Isabella and the Pot of Basil
John White Alexander, American, 1856–1915
192.09 x 91.76 cm (75 5/8 x 36 1/8 in.)
Medium or Technique
Oil on canvas
Robert P. and Carol T. Henderson Gallery (Gallery 228)
The enigmatic literary subjects of artists like ElihuVedder link, William Rimmer link, and Thomas Wilmer Dewing link take on a gruesome flavor in this unusual work by John White Alexander. A native of Pittsburgh who trained as an artist in Munich, Alexander first established himself in New York as an illustrator and cartoonist. He also earned praise for his fashionable portraits link, many of them of writers and actors. In 1890 Alexander moved to Paris, where he met James Abbott McNeill Whistler link, who introduced him to many of the leading figures of the European Symbolist movement. These painters and writers were interested in dreams and the imagination, and elements of macabre fantasy often appear in their work. During the ten years he spent in Paris, Alexander experimented with decorative and decadent themes, often employing the slender, sinuous lines of the Art Nouveau style.
Isabella, or The Pot of Basil was a poem written in 1820 by the English poet John Keats, who borrowed his narrative from the Italian Renaissance poet Giovanni Boccaccio. Isabella was a Florentine merchant’s beautiful daughter whose ambitious brothers disapproved of her romance with the handsome but humbly born Lorenzo, their father’s business manager. The brothers murdered Lorenzo and told their sister that he had traveled abroad. The distraught Isabella began to decline, wasting away from grief and sadness. She saw the crime in a dream and then went to find her lover’s body in the forest. Taking Lorenzo’s head, she bathed it with her tears and finally hid it in a pot in which she planted sweet basil, a plant associated with lovers.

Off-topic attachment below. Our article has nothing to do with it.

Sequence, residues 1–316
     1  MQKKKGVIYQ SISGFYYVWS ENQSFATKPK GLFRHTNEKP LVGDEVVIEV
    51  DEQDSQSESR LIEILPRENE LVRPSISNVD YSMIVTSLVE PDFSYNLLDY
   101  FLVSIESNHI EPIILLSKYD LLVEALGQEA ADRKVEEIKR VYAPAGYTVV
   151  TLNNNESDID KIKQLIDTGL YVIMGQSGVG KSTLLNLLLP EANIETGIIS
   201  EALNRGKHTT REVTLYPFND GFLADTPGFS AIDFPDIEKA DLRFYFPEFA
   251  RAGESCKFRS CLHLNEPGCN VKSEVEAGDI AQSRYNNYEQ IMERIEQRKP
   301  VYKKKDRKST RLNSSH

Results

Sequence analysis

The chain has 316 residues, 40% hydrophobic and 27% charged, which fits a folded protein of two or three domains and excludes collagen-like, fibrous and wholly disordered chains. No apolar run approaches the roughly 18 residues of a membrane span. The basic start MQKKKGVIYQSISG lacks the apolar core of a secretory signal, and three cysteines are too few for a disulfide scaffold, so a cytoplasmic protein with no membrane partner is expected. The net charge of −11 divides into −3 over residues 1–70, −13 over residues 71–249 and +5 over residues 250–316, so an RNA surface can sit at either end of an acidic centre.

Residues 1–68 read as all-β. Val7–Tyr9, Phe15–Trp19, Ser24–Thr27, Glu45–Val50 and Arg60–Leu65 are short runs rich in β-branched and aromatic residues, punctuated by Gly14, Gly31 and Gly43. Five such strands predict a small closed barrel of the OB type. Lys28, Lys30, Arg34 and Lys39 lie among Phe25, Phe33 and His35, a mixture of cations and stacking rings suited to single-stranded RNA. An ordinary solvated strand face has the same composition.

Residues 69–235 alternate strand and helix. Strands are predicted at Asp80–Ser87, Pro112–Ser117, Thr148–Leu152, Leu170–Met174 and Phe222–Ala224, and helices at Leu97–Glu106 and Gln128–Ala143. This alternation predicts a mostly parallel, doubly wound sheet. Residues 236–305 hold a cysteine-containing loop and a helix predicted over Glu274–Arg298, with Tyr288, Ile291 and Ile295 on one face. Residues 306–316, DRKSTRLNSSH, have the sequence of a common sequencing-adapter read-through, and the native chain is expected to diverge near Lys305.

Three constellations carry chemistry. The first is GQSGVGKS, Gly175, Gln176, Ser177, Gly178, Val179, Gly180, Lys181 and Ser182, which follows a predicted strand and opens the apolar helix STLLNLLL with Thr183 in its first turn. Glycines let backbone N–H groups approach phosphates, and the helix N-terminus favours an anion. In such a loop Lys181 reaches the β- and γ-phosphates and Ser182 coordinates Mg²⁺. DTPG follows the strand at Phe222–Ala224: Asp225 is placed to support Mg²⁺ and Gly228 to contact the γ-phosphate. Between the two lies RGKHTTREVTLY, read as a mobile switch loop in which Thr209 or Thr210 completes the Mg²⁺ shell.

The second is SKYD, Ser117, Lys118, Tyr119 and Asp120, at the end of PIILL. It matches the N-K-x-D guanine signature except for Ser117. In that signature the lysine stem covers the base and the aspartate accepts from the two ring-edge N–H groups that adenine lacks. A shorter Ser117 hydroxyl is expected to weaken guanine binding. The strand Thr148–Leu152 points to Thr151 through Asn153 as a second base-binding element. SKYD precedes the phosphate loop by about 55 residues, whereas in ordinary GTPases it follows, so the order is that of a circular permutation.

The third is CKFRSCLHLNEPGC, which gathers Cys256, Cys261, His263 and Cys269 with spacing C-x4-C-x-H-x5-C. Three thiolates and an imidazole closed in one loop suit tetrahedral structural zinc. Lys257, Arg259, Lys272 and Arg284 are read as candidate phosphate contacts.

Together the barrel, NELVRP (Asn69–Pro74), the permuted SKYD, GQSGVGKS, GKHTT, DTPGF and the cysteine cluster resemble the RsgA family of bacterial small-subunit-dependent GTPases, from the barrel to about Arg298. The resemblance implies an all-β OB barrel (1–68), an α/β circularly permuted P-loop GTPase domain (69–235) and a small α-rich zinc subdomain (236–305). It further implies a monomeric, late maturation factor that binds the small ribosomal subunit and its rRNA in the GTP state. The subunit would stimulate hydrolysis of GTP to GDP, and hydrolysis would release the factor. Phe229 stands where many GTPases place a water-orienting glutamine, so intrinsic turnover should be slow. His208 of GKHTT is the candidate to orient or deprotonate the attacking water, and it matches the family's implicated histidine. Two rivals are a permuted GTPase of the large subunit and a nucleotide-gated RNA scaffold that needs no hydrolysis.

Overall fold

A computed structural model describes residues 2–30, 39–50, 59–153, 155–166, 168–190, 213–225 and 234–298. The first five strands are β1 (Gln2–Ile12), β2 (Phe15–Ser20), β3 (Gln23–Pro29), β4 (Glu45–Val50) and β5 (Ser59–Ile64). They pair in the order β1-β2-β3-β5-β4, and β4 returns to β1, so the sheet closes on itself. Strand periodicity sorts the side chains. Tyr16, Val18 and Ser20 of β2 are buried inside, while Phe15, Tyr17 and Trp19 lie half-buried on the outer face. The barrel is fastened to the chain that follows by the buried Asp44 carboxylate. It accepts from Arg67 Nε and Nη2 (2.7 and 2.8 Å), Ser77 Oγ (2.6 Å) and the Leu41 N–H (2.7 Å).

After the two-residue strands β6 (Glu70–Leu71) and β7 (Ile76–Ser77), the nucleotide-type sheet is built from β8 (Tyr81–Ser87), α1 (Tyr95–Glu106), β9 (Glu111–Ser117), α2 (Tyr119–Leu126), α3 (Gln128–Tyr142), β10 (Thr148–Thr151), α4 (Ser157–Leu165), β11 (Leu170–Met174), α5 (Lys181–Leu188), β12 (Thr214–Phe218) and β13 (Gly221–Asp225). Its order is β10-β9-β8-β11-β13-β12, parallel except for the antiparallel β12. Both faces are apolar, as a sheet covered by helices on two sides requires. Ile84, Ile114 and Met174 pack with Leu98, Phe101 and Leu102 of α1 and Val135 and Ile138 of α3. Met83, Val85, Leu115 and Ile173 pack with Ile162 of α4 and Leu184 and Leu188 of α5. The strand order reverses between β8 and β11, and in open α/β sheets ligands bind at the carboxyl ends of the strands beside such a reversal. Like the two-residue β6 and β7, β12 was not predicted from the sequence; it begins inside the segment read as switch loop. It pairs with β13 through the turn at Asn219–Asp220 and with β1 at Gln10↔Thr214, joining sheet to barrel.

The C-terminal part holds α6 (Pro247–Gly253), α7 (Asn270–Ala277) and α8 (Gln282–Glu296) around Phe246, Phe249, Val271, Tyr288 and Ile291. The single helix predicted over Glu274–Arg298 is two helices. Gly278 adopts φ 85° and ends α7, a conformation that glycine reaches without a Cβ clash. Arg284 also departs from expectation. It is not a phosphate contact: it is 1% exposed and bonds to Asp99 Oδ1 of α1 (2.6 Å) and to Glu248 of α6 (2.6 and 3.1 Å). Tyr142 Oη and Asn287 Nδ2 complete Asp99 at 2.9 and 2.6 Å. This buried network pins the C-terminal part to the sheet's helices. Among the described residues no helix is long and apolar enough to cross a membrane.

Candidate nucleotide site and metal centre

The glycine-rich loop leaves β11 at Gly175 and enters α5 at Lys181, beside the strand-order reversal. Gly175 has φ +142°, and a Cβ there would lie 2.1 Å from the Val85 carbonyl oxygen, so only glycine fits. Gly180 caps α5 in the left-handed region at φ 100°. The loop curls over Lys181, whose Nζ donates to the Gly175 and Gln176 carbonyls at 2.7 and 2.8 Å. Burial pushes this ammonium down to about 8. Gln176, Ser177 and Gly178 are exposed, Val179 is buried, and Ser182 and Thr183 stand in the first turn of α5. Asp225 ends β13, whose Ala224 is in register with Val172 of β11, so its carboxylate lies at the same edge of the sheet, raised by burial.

Alexander used theatrical effects to render this grim scene, isolating Isabella in a shallow niche and lighting her from below, as if she were an actor on a stage illuminated only with footlights. This eerie light, the cold monochromatic palette, and the sensuous curves of Isabella’s gown all draw the viewer’s eye to the loving attention Isabella gives the pot, which she gently caresses. Isabella seems lost in an erotic spectral trance, oblivious to the world and to observers. With his strange subject, Alexander created an extraordinary and mysterious image of love gone awry.
This text was adapted from Elliot Bostwick Davis et al., American Painting link, MFA Highlights (Boston: MFA Publications, 2003).